Discussions regarding control as a function of behavior tend to be a reoccurring topic on behavior analytic forums. These discussions typically include a practitioner’s description of a scenario consisting of a client’s engagement in problem behavior following requests to complete tasks that have been identified as high preference activities. Due to an absence of problem behavior during the client’s independent engagement with the same high preference activities and the presence of problem behavior when these activities are initiated by others, practitioners suggest the client’s problem behavior is maintained by the client’s wish to control his/her environment.
Let’s tackle this problem by first addressing what we mean by ‘control’. A quick Google search for its definition resulted in the following, “the power to influence or direct people’s behavior or the course of events.” That definition sounds reasonable. However, we are behavior analysts and our explanations for behavioral phenomena should be based on the science of behavior. So what does our science say about control? The discussion of control by Cooper, Heron, and Heward (2007) directly references the functional relation. A functional relation exists when manipulations to one event (the independent variable) can reliably produce changes to another event (the dependent variable).
Let’s apply this definition to the above scenario by asking – What exactly is our client doing when she is attempting to ‘control’ her environment? In the presence of a specific event (i.e., the practitioner’s request), the client engages in problem behavior (that has produced certain results in the past). By assessing the situation in this manner, attempting to identify the actual function of the client’s behavior becomes a more apparent solution.
This is a good time to briefly discuss the relevant functions of behavior. Generally speaking, the purpose of operant behavior is to either make something appear (access via positive reinforcement) or to make something go away (escape via negative reinforcement). These processes can occur under socially mediated contexts (such as the one described in the scenario above) or automatic ones (which includes sensory stimuli). This means the client is engaging in problem behavior to either escape the practitioner’s request (regardless if the requested activity had been identified in the past as high preferred) or to access another activity.
The next question to address is – Why is the client engaging in problem behavior in the presence of high preference tasks? The short answer is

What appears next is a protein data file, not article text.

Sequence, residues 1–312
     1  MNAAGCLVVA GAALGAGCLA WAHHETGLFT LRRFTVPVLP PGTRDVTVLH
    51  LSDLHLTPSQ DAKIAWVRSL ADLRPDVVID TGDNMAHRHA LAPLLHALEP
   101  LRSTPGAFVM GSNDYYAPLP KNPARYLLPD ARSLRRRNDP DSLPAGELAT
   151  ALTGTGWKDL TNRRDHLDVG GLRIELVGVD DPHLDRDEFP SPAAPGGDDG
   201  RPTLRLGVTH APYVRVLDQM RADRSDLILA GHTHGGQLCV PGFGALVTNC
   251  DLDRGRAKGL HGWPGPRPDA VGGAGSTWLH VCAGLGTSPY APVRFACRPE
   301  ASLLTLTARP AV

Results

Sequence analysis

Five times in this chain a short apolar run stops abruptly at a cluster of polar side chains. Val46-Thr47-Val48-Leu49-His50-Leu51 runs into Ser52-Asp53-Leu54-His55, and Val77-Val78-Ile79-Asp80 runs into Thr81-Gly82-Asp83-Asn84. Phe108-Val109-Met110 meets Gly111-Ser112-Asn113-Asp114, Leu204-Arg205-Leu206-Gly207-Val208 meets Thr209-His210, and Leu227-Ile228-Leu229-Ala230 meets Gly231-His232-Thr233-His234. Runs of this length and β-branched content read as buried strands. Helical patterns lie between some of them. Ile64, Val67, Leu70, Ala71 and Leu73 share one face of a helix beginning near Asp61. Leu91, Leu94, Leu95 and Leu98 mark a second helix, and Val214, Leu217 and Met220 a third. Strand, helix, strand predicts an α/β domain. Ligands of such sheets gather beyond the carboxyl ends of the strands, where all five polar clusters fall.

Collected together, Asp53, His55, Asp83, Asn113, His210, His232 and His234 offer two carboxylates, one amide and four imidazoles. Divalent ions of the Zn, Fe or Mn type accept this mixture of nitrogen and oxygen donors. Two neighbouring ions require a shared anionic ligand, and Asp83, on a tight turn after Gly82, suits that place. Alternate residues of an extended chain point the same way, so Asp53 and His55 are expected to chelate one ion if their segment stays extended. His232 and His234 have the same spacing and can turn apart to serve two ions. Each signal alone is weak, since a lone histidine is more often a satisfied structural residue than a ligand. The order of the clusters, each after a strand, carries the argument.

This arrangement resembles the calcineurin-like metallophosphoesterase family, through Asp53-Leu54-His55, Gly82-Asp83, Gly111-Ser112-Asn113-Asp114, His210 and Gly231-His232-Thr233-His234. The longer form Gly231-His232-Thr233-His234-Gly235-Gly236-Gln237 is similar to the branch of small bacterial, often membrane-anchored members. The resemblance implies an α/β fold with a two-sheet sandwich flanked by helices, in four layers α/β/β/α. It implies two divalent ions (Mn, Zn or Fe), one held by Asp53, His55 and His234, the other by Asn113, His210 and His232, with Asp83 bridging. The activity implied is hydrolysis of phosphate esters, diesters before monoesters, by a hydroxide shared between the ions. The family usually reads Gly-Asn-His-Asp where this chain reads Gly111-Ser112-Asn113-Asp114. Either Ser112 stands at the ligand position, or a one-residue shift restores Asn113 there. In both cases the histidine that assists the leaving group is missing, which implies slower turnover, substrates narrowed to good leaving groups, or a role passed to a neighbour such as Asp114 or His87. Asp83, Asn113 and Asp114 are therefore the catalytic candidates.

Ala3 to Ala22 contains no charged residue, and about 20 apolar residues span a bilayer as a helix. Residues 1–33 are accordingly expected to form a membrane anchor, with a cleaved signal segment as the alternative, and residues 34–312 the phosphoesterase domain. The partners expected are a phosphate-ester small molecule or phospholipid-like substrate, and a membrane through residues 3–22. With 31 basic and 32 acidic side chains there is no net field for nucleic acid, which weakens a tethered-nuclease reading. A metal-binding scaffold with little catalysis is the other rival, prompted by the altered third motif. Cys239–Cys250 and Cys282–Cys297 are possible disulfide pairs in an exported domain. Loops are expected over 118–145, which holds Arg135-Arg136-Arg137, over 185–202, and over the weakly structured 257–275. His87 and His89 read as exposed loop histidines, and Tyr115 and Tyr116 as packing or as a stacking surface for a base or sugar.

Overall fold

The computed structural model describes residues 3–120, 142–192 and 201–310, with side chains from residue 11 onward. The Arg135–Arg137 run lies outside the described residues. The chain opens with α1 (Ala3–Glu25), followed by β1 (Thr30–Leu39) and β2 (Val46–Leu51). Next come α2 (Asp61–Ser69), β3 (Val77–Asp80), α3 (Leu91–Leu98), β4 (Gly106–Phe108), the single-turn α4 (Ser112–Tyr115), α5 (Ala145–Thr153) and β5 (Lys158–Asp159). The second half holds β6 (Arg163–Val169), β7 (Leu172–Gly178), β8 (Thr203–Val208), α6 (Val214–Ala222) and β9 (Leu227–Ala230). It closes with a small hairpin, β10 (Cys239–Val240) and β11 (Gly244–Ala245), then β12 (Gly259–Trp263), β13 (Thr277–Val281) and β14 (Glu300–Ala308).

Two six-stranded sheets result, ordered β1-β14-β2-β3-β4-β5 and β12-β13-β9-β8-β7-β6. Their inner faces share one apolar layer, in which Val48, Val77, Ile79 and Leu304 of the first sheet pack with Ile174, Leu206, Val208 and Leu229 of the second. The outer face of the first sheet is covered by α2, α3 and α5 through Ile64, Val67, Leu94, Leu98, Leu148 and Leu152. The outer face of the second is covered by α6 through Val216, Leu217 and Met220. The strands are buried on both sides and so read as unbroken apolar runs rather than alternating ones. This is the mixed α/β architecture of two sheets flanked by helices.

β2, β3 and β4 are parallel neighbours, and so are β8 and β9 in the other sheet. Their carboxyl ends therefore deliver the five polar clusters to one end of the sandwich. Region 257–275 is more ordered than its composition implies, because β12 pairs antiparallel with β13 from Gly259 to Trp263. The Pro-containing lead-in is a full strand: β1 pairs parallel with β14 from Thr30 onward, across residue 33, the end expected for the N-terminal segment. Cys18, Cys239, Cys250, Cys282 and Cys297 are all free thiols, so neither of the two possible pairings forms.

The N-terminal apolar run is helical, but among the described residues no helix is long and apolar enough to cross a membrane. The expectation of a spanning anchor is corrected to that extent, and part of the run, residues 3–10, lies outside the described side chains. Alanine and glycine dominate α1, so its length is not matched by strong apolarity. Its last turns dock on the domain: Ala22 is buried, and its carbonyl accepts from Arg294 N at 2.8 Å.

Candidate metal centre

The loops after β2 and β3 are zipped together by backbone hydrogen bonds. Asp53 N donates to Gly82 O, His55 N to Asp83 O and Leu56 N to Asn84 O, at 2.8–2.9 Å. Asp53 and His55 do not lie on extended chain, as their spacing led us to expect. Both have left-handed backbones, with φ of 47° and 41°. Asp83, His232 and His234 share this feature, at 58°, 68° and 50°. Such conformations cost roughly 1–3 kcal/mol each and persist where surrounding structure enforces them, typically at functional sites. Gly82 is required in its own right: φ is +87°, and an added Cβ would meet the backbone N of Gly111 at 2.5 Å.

the task is not a high preferred task at that moment.
The presence of various motivating operations (MO) may have reduced the reinforcing efficacy of the specific task. Here are a few suggestions for why a once high preference task may no longer be preferred when paired with a practitioner’s request.
- Are you interrupting the client’s engagement in another activity when delivering tasks demands? If so, task interruption might be the problem. The occurrence of a simultaneous, ongoing activity may have reduced the client’s preference for the practitioner requested activity.
- The client’s preference for specific activities may be sensitive to the time of day. An activity that is high preferred in the morning might not be preferred in the afternoon or evening. Time of day is the relevant MO in this situation.
- The client might have a history of others presenting her with aversive tasks. Her history may have generalized to all requests from others. In this situation, the practitioner’s request is an MO reducing the client’s preference for the activity.
We have discussed why control cannot be the function of behavior, as the term refers to a relationship between environmental events. We determined the function of problem behavior in the above scenario must either be in the form of escape from an aversive event or access to an appetitive event. Finally, we discussed the role of MOs in the possible reduction of client tasks preferences. In a future post, we will discuss some strategies to address the problems listed above.
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Cooper, J. O., Heron, T. E., & Heward, W. L. (2007). Applied behavior analysis. (2nd ed.) Upper Saddle River, NJ: Pearson Education Inc.